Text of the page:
Islamorada skipper Brian Cone uses sooty terns to judge the size of dolphin he's following. When terns work northward, moving with the general flow of the Gulf Stream, that means the birds are on school fish. Southbound terns, heading into the prevailing current, likely mean larger dolphin that can pursue bait against the current better than schoolies.


Seagulls of all kinds-laughing, herring or Bonaparte's gulls-can lead astute anglers to a variety of gamefish. These birds usually hover and drop down right over a feeding blitz, picking off small fish and leftover particles and raising a ruckus. Use them to search for striped bass, cobia and dolphin, especially off South Florida and the Bahamas where deep water flows close to shore. Seagulls mean pods of bait, feeding gamefish and a cheering section when you get into them.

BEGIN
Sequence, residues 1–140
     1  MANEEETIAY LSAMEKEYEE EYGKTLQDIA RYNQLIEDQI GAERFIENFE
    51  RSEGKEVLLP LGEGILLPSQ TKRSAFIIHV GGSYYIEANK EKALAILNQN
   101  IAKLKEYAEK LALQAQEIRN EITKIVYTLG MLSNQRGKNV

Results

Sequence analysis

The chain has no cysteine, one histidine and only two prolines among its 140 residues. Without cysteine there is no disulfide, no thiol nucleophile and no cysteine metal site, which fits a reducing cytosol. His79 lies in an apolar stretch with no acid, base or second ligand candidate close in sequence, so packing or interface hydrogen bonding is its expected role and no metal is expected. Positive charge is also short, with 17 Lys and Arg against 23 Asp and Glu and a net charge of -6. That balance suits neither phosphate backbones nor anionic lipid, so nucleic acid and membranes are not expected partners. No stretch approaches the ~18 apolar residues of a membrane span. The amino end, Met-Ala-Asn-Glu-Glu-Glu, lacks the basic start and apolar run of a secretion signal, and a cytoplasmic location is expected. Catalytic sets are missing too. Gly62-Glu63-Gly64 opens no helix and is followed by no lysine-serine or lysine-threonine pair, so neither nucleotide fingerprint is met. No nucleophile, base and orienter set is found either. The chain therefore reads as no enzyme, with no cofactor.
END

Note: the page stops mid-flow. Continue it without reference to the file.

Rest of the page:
These birds only come down for one reason-food is readily available. When I'm looking for dolphin, sailfish or even marlin, I keep an eye out for single gulls or pairs that are flying low and dipping down along scattered weeds. Any seagull that is low to the water and acting excited is over bait and, probably, feeding fish, too.


Bill Payoff
When it comes to finding big kingfish, tourney angler Dave Workman, Jr., studies the pelicans. These coastal birds thrive when the menhaden migrate along the coast, as do the kings. When he's running his boat along the beach looking for big kings or to fill his well, Workman scans the horizon with binoculars for pelicans. He's interested in birds that dive-bomb on bait schools headfirst with such force that they go underwater. He'll watch for them to sit on the water, their heads tilted forward from the weight of a pouch full of bait. This tells him where the menhaden are, giving him the option of fishing around a bait school or gathering fresh baits.
When pelicans fly low and lightly "plop" into the water, then rest on the surface and tilt their heads back to swallow the food in their bill, Workman knows they're probably over small baits, like glass minnows. Watching the birds saves him fuel and time running to that school of bait.